In sports and in dance, we talk a lot about muscle memory and how the body remembers and grows more capable. Every time you do something physical, it gets a little bit easier. We grow and improve through constant stretching and repetition.
In many physical disciplines, the body can be thought of as a performer’s instrument. They need to practice with it and really get to know the limits of its physicality. Many young performers I work with see a separation between the physical and mental sides of performance. They believe that dance and vocal music are physical disciplines with a smaller mental side and assume that acting is largely mental with a much smaller physical side.
I would argue that the physical and mental sides of performing need to be much more closely connected in every aspect of performance, and this is an idea that I would like to touch on further in future posts. For today, I want to focus a bit on being familiar with your own body, especially your face, and using your “acting instrument” to its fullest.
For so many of us, our face is the primary way we show emotion. In this way, we are all performers. We use our faces to both show and hide emotions depending on the situation, and we are used to reading emotions from other people’s faces So many of us, though, are unaware of what our own faces actually look like when we make a face. We know how to read things in the looks we see around us, but because we don’t spend nearly as much time studying the looks we give other people, the expressions we use when we are performing may not be as clear and readable as we think they are.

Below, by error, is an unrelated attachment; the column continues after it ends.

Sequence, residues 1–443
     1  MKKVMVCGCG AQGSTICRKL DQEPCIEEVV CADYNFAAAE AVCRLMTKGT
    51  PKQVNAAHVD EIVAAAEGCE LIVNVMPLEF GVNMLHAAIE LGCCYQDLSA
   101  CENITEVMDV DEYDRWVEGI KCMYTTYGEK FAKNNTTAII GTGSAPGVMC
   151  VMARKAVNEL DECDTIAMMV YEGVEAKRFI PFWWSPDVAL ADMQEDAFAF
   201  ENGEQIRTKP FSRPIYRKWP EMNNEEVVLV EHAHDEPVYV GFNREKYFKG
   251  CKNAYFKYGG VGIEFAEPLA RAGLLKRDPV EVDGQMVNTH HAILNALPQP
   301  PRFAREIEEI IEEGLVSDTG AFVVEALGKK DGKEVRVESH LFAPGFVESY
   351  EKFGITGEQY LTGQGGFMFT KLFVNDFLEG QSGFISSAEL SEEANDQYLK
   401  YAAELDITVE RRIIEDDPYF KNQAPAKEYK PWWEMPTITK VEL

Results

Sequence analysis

Many people can tell the difference between “smug” and “overjoyed” on another person, though both reveal themselves through a smile. On our own faces, I think we are less capable of expressing more subtle emotions consciously as performers because we do not spend the time physically practicing and examining our own faces to capture the emotions we want to show when we are performing. Because we see our own face so little, we don’t know what signals others are picking up when they look at us.
One of the things I urge young and new performers to do is spend time every day looking at themselves in the mirror. I want them to feel the physicality of what different types of smiles feel like as they see them to ensure they look how they think they do. “How do my ‘Christmas morning’ smile and my ‘happy that my enemy had something bad happen to her’ smile look and feel different from one another? Once we train ourselves to feel the difference, we can use repetition to help ourselves physically support the mental part of acting. An actor who can physically show you the difference between 5 different kinds of smiles without having to mentally feel the emotions involved will have a much easier time.
1. Stretch every feature on your face as wide as you can, the pinch every feature as tight as you can. Go back and forth between the two. I like to alternate between a “Lion” face and a “Lemon” face to help stretch out all my facial features and help them be as elastic as possible.
2. Write down 10 – 20 more complex emotions in preparation. Look at yourself in the mirror showing each one both still and while talking. Are you seeing what you think you are giving off? Repeat this process daily to help cement the look and feel of these emotions to help train your face to form these looks on command.